OceanX recently helped in the conducting of a survey of megafauna in the northern Red Sea, and boy howdy, did scientists find a lot.
The survey was the largest to date of elasmobranch species in the northern Red Sea.
The mission recorded, for the first time ever, rare species present at the northern latitudes of the Red Sea. Crucially, it identified that 75% of the species found are of conservation concern, and at least four species are critically endangered. The team collected over 450 hours of surveys covering a wide range of habitats, from shallow seagrass beds and coral reefs all the way down to depths of 1,700m/5,577ft.
Some of the megafauna findings include:
* 407 sightings of elasmobranches and sea turtles, including 28 different species
* Four species of rays and nine species of sharks not previously recorded in Saudi Arabia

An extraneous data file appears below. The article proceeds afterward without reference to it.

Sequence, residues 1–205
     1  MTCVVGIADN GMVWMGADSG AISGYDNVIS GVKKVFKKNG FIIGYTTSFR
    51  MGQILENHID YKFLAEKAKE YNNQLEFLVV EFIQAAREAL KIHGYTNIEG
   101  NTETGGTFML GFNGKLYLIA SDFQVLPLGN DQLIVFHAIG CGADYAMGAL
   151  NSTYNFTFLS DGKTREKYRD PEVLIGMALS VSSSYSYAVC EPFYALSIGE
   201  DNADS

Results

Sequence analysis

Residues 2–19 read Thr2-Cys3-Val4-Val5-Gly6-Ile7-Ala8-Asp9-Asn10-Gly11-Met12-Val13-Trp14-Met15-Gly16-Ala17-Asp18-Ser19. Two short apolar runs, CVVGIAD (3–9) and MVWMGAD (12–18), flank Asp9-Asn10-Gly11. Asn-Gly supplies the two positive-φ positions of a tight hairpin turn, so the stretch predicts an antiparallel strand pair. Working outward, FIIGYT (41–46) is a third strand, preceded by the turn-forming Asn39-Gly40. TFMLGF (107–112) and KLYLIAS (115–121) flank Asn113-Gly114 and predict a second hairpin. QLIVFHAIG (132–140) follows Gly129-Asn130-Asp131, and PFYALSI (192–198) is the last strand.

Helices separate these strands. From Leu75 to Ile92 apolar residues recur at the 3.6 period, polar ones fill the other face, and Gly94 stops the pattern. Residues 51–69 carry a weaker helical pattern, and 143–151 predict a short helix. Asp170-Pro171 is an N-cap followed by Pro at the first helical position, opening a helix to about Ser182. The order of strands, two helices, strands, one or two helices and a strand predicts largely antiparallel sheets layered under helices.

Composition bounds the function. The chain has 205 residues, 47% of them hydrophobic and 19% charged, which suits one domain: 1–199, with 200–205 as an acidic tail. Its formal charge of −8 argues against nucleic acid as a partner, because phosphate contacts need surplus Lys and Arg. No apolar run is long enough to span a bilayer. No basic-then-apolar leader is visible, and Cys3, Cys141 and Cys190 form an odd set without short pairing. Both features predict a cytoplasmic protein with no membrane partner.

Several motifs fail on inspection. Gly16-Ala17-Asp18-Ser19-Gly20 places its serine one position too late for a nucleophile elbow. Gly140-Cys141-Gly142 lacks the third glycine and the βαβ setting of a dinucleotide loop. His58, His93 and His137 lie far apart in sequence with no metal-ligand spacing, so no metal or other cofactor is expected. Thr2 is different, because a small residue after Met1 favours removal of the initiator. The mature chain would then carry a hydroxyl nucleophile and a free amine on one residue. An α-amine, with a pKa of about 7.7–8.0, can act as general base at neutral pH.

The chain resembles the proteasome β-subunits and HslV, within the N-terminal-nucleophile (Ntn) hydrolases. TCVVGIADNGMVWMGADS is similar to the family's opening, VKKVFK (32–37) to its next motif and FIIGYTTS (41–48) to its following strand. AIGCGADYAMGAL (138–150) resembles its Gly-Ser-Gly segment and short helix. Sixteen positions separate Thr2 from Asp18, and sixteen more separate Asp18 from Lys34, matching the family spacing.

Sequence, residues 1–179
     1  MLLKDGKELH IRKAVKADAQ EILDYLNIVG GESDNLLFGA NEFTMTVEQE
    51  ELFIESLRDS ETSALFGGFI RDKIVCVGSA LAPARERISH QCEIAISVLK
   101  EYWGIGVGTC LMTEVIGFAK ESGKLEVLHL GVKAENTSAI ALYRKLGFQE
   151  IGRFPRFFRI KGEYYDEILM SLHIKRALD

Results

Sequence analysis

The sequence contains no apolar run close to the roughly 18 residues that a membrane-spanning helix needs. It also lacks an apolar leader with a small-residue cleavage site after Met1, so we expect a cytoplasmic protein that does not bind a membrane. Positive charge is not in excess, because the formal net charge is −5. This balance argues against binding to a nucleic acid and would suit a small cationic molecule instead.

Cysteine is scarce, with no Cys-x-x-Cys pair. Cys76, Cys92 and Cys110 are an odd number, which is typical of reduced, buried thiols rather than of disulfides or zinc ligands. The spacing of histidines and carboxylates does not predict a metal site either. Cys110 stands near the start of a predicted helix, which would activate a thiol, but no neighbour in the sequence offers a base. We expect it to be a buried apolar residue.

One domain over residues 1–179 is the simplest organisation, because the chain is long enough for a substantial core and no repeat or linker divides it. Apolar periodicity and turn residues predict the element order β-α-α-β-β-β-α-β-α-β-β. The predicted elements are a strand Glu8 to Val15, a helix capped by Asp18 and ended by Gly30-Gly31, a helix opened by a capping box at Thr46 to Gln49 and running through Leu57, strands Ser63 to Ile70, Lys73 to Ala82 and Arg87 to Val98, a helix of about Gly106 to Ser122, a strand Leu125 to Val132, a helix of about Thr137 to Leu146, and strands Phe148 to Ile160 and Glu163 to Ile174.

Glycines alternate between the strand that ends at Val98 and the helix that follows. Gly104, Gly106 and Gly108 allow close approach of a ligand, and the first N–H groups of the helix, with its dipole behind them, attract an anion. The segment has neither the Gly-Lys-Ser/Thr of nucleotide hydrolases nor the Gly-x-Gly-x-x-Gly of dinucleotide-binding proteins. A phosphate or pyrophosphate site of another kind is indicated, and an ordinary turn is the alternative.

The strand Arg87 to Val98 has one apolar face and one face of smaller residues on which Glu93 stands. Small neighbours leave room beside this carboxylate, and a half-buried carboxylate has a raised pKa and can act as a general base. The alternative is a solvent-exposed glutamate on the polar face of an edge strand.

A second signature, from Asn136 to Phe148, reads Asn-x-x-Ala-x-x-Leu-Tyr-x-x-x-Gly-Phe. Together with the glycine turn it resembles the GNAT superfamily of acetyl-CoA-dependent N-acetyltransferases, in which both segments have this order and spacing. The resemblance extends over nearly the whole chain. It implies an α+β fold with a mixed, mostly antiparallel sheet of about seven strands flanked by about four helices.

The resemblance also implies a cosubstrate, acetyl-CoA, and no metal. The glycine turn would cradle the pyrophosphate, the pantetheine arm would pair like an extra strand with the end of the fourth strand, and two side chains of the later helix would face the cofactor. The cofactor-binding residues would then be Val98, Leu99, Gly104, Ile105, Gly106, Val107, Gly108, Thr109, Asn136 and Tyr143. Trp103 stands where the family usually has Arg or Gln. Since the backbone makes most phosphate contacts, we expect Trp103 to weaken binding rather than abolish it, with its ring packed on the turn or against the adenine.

* A range extension for the pink whipray (Himantura fai) and the round ribbontail ray (Taeniurops meyeni) into the Gulf of Aqaba
These extremely rare and threatened species have made their home in the Red Sea region, sparking hope that threatened species can survive safely in this ecosystem, the scientists determined. Their findings are critical for encouraging the responsible management and development of the Red Sea region to ensure the habitats of these rare species are protected.
According to a scientific paper outlining the survey’s findings, the authors write:
“Our findings provide new insights into the distribution patterns of megafaunal assemblages over smaller spatial scales in the region, and facilitate future research and conservation efforts, amidst ongoing, large-scale coastal developments in the north-eastern Red Sea and Gulf of Aqaba.”
Read the full paper here.